Theses Doctoral

Expanding Biological Engineering from Single Enzymes to Cellular Pathways

Ostrov, Nili

The emerging field of synthetic biology evolved from biological research much the same way synthetic chemistry evolved from chemical research; with accumulated knowledge of the structure of single genes and proteins and the methodologies to manipulate them, researchers turn to forward engineer complex biological systems to effectively manipulate living systems. Much like in the case of enzyme engineering, a rationally designed biological network is currently beyond our reach, and we turn to directed evolution to circumvent this gap in knowledge. Yet the unique nature of live biological networks uncovered new challenges previously unmet by single-gene molecular technologies, and extrapolation of current technologies to the manipulation of multi-component has proven laborious and inefficient.

To establish engineering technologies for living cells, novel directed evolution techniques are sought for that are compatible with simultaneous manipulation of multiple biological components in vivo. In this work, we explore techniques for library DNA mutagenesis in the context of single and multiple genes. Chapter 1 provides an overview of the challenges in expanding current in vivo directed evolution methods from single enzymes, to the design pathways and cells. Chapter 2 describes the design and characterization of an assay for combinatorial directed evolution of a single metabolic enzyme. In Chapter 3 we present the utilization of our DNA assembly system, Reiterative Recombination, for attenuation of metabolic pathways. We use a library of promoters to combinatorially vary the expression of genes in the heterologous lycopene biosynthetic pathway in S. cerevisiae. Finally, Chapter 4 explores the calibration of the dynamic range of genetic selection, using metabolic enzyme activity as probe for cell survival.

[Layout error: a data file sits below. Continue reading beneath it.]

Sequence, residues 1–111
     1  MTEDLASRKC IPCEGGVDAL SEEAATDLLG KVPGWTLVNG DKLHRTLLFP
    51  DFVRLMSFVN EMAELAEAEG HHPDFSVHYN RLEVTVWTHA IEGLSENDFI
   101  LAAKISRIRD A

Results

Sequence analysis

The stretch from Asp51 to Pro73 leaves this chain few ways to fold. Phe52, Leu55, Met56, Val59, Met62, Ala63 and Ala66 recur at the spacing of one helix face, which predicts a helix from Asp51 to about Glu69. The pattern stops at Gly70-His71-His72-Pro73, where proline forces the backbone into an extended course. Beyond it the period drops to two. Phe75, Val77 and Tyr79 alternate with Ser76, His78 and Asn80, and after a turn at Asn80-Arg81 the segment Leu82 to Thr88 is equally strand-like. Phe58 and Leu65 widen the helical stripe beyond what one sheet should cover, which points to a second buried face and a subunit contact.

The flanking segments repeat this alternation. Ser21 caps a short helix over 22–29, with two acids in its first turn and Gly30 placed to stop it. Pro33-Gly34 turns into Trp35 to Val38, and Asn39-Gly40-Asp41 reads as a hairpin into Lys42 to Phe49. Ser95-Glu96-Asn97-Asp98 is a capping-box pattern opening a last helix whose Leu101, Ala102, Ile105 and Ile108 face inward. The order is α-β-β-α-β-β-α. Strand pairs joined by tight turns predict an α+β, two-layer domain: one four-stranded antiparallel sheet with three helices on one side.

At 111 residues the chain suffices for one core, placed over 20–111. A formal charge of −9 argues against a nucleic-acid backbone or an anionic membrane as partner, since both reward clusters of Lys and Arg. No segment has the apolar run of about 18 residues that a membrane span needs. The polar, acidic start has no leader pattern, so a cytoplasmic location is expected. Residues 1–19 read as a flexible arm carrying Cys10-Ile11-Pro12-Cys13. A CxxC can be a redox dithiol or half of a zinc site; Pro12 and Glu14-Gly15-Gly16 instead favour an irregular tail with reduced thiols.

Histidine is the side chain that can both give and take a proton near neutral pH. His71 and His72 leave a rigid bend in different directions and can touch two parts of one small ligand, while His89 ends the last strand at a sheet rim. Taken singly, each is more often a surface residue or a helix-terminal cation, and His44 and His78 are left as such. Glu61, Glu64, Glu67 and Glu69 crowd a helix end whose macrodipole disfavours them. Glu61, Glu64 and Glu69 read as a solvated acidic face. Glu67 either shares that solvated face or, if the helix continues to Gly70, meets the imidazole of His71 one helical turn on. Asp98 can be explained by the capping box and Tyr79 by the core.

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More About This Work

Academic Units
Thesis Advisors
Cornish, Virginia W.
Ph.D., Columbia University
Published Here
March 20, 2014